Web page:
I mean, sure, this is how I eat my breakfast, too.

October 14, 2018

nanonaturalist: nanonaturalist: nanonaturali…

nanonaturalist:

nanonaturalist:

nanonaturalist:

nanonaturalist:

nanonaturalist:

nanonaturalist:

nanonaturalist:

nanonaturalist:

nanonaturalist:

nanonaturalist:

nanonaturalist:

nanonaturalist:

nanonaturalist:

nanonaturalist:

nanonaturalist:

nanonaturalist:

nanonaturalist:

nanonaturalist:

nanonaturalist:

nanonaturalist:

nanonaturalist:

nanonaturalist:

Ready for another caterpillar flavor? I found a Polyphemus moth laying eggs on the side of my house. Brought her inside, put her in an enclosure while I grabbed a paper bag (easier to collect eggs on paper!!!), and she laid FIVE eggs in the 10 seconds it took me to get back to her.

Last year, I struggled with keeping my Polyphemus babes fed, since the trees they eat were not abundant in my yard (they ate all the little saplings down to sticks!). But this year, I anticipated Good Moth Luck, and have let all the elm saplings get big and tall regardless of how inconveniently placed they are. And here we are! 😀

August 31, 2018

Guess who’s here?

Mama moth laid 90 eggs and thankfully I was able to give away most of them. I kept 20 eggs for myself, and they started hatching this morning. Exciting!!

September 8, 2018

My fat babies 😭

I gave away 5 more eggs, and three have yet to hatch, so only 12 caterpillars right now. Much easier than 90!!

September 10, 2018

Newborn Alert!

Compare the size of a newly hatched baby pillar with her two-day-old siblings.

September 10, 2018

Baby’s First Molt

You can see his old face is starting to come off! Exciting!

September 11, 2018

Molting underway!

Fresh new clothes! In the top photo, you can see the baby’s old skin behind him (it’s the dry yellow thing). In the bottom photo, you can see all their discarded head capsules (I circled them). I collect caterpillar faces!

Remember: they are four days old at this point.

September 12, 2018

Gaze upon my large children

September 13, 2018

Oops forgot to post these yesterday!! Got distracted by BIRD NONSENSE

I probably need to feed them again. They are eating machines!!!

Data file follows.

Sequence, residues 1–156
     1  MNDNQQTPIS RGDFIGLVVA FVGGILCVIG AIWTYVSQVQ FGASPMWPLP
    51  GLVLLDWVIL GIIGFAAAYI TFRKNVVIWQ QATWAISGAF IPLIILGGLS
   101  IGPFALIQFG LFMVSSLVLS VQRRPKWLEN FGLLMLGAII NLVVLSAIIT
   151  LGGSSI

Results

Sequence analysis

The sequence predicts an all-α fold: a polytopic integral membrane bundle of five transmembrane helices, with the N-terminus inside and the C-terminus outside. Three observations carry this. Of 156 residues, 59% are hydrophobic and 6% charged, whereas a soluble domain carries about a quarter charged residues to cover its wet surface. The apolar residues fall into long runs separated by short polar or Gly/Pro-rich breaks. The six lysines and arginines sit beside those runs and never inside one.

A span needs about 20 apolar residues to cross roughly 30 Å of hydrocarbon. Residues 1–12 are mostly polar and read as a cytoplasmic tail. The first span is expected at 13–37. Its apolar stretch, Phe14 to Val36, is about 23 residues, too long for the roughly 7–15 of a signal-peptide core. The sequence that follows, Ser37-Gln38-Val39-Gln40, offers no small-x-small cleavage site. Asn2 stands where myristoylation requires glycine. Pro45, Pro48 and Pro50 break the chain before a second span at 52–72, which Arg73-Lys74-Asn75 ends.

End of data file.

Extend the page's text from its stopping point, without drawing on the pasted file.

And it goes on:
September 15, 2018

Important new development: Hairy Toes

September 20, 2018

The molting and cuteness are everlasting. Soon they will have their walrus mustaches.

September 22, 2018

The bigger they get, the sillier their molt dance gets. Check out the complete celebratory ridiculousness here [link to previous post]

Wow wouldn’t it be nice if I could post a video reblog on mobile?!

September 23, 2018

Important

Big n’ fat

September 25, 2018

Absolute Units

These were taken over the course of the past few days (time to retag these as “caterpillar laterposts”?), but as you can see, they are now LORGE. The last photo is a big fat baby molting again to become bigger and fatter.

On Monday, I’m bringing them to a school, where a class of VERY lucky 1st graders gets to MEET THEM and WATCH THEM POOP. Speaking of which, stay tuned because I have the action-gif of the poopening photo third from the bottom.

September 29, 2018

Polyphemus caterpillars: unanimously approved by 25 six-year-old humans

image
image
image

Yesterday, I brought four of the fatties to Cedar Creek Elementary school where they got to meet a class of 1st graders who are learning about insects. One of them was molting! One of them pooped, they were fat and eating and the kids LOVED them. They kept asking: “Are these REAL?!” You bet!!

I also brought the microscope and showed them some caterpillar faces! Photos above are from yesterday.

And today?

image
image
image

They grow. Larger and larger!

October 2, 2018

*heavy breathing*

October 3, 2018

Poopin’

October 4, 2018

I’m in love

October 4, 2018 (pm)

Faterpillar Apocalypse

October 6, 2018

How are they not making cocoons yet?!

LOOK HOW FAT

LOOK

October 8, 2018

STOP THEM

Like my new mustache?

October 8/9, 2018

Squeeze gently to check for ripeness.

Ah, yes. Almost ready.

(Where are my cocoons already?!)

October 9, 2018

It is time

The prophesy is realized. As it was foretold,

R O U N D B O Y

has arrived

This prepupal green sausage is making THE FIRST COCOON!!!

October 10, 2018

There are now three cocoons

Top: the first cocoon, babby sewed some leaves to the side the their home so you can see the “naked” cocoon side. They don’t always hide in leaf cocoons, but it’s very common and a good camouflage strategy.

Bottom: the second cocoonis completely enclosed in leaves. The third cocoon looks the same.

The caterpillars were huge, so these cocoons must be MASSIVE, right??

Nope! Check it out:

You remember the first bab got SO FAT WHY? They squeeze themselves like an accordion before they make their cocoon and pupate inside. Adult moths look way bigger than they actually are thanks to their wings. Polyphemus moths are pretty big anyway, but the cocoon and pupa are only about a large as the moths body, the wings are just tiny inflatable flaps until they emerge and pump them up.